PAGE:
Saffron crocus in a demonstration plot. Credit: Courtesy of Kathryn Hopkins

At this time of year, gardeners are ordering their seeds and planning their gardens in anticipation for the growing season. As you start to plan your garden, you might want to consider mixing it up and trying something that you haven’t grown before.

Here are 8 unconventional crops that are possible (though perhaps challenging) to grow in Maine that you should consider trying this growing season.


Herbalist Kathi Langelier of Herbal Revolution Farm and Apothecary gathers flowers to add to her iced tea blend. Credit: Abigail Curtis / BDN

The plant used for most types of tea, Camellia sinensis, is primarily grown abroad and prefers mild climates with ample rainfall and well-drained, acidic soil. You can attempt to grow Camellia sinensis in Maine if you are up for the challenge, or you can opt to grow one of the many herbs that make delicious herbal teas and thrive in Maine’s environment. Here’s what you need to know about growing your own tea in Maine.


Aroostook County Hops plants. Credit: Courtesy of Aroostook Hops

Hops are the green, pinecone-shaped flowers of the hop plant that are used to flavor and stabilize beer. Hops can be challenging to grow, but it is possible to do so in Maine. Plus, if you are successful, you can brew your own homegrown hoppy beers.


Fibers from a luffa gourd. Credit: Courtesy of Brooke Isham

No, not the plastic puffs — the natural sponges that inspired them. Luffa sponges actually come from two species of gourd: Luffa acutangula, the angled luffa, and L. cyclindrica, the smooth luffa. It is possible — though somewhat difficult — to grow these natural sponges in Maine, if you are willing to put in the effort and want a more sustainable, natural beauty routine.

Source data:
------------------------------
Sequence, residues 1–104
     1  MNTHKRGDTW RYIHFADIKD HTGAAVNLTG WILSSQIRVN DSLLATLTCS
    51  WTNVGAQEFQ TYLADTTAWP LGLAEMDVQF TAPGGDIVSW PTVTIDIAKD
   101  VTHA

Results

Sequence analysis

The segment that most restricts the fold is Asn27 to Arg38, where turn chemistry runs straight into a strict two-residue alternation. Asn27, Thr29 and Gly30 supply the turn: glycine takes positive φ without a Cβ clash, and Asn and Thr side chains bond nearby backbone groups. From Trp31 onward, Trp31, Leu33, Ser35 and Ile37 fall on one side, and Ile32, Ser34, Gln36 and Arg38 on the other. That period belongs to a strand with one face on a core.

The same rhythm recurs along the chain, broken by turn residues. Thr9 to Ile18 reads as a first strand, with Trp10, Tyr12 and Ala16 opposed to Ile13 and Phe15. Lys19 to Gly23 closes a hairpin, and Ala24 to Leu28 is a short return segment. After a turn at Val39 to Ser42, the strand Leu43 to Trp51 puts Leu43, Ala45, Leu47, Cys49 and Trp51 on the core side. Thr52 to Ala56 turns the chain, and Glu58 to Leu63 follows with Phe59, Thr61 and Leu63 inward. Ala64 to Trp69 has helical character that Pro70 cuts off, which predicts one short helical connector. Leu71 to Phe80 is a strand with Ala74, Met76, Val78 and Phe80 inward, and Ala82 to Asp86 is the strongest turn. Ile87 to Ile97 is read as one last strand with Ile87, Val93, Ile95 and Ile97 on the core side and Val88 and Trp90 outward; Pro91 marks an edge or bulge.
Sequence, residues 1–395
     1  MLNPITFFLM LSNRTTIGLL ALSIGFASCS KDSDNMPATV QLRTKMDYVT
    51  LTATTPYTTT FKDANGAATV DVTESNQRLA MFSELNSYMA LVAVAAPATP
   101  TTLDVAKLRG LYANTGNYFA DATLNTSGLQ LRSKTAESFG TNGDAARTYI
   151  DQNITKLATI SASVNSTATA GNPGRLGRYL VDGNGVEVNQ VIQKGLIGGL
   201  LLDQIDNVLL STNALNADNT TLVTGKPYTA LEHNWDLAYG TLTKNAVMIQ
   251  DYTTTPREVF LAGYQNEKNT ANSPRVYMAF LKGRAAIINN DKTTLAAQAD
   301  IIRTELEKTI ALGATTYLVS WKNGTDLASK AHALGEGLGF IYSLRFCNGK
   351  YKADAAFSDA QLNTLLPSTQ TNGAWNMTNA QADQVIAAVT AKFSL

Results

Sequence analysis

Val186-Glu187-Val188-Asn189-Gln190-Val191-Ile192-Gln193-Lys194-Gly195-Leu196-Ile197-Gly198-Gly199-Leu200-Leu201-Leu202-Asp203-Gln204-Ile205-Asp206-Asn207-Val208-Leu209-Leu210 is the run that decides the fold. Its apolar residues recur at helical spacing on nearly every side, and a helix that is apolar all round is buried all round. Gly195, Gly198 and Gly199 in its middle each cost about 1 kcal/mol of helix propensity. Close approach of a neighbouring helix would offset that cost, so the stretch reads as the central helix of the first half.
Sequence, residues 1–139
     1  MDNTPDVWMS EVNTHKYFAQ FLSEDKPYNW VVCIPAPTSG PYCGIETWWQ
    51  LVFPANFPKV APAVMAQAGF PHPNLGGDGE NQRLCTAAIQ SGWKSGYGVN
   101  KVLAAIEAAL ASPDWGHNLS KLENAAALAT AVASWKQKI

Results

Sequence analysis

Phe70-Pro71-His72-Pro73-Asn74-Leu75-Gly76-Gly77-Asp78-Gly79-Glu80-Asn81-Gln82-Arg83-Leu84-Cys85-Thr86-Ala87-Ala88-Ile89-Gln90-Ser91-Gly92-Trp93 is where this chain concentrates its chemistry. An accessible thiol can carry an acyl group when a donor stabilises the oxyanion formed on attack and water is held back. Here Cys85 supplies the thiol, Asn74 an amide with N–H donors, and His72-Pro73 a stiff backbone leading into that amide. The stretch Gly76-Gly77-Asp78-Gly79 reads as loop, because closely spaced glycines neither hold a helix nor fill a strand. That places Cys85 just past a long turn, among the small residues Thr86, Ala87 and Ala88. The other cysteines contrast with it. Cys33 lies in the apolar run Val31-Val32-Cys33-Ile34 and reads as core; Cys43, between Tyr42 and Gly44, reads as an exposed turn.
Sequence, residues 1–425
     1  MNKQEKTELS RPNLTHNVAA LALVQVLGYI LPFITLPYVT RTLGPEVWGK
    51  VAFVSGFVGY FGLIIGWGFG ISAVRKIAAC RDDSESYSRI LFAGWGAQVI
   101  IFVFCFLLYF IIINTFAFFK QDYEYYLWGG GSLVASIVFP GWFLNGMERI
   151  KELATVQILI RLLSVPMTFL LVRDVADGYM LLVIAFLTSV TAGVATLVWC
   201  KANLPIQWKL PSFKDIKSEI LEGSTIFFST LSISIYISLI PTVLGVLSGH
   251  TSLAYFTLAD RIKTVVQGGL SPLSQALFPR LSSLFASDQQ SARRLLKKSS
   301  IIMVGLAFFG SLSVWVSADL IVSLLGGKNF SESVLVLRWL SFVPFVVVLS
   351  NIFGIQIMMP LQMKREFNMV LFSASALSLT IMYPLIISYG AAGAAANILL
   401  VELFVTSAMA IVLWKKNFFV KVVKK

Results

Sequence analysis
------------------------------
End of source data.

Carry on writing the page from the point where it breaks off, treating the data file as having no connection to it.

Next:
Carving pumpkins

Customers choose pumpkins on Halloween at a pumpkin farm in Wilanow, near Warsaw, Poland, Wednesday, Oct. 31, 2018. Credit: Czarek Sokolowski / AP

Maybe you have grown squash to use in the kitchen, but have you ever had the chance to grow your own jack-o-lanterns? Think towards fall and try growing your own carving pumpkins this year.

Edible flowers

Roger Doiron, founder of Kitchen Gardeners International, holds the beginnings of an early afternoon salad at his Scarborough home. He harvested the leafy greens and the edible Nasturtium flowers from his own backyard for the dish. Credit: Seth Koenig / BDN

Growing edible flowers is a great way to make your salads, baked goods and other treats a little fancier. Plus, many edible flowers will attract pollinators to your garden and help your other favorite crops to flourish.


Oyster mushrooms are growing out of coffee cans in a medium of coffee grounds and cardboard after a simple process that takes two to three months. Credit: Courtesy of Mike McNally

Ok, it’s not a crop you would put in your garden, per se, but growing mushrooms at home is easy and economical. You can even grow mushrooms in a coffee can. Once you get started, you can also learn how to prepare all the different types of interesting locally-cultivated mushrooms in Maine.


Saffron crocuses separated from their stigmas and styles. Credit: Courtesy of Arash Ghalehgolabbehbahani

Throughout New England, growers have hopped onto the world’s most expensive spice, saffron. Believe it or not, you can reach out to these networks to get some crocuses for yourself and grow your own saffron in your home garden.


Glendarragh Farm Lavender in Appleton. Credit: Gabor Degre / BDN

Fragrant lavender has been an increasingly popular crop in Maine. Lavender is a beautiful flower to grow, especially if you like to craft with the relaxing fragrance. Here are the basics of growing lavender from seed.

Changing up what you grow is one of the ways to keep gardening interesting every year. Get a little creative this year in the garden — you never know what spring might bring.

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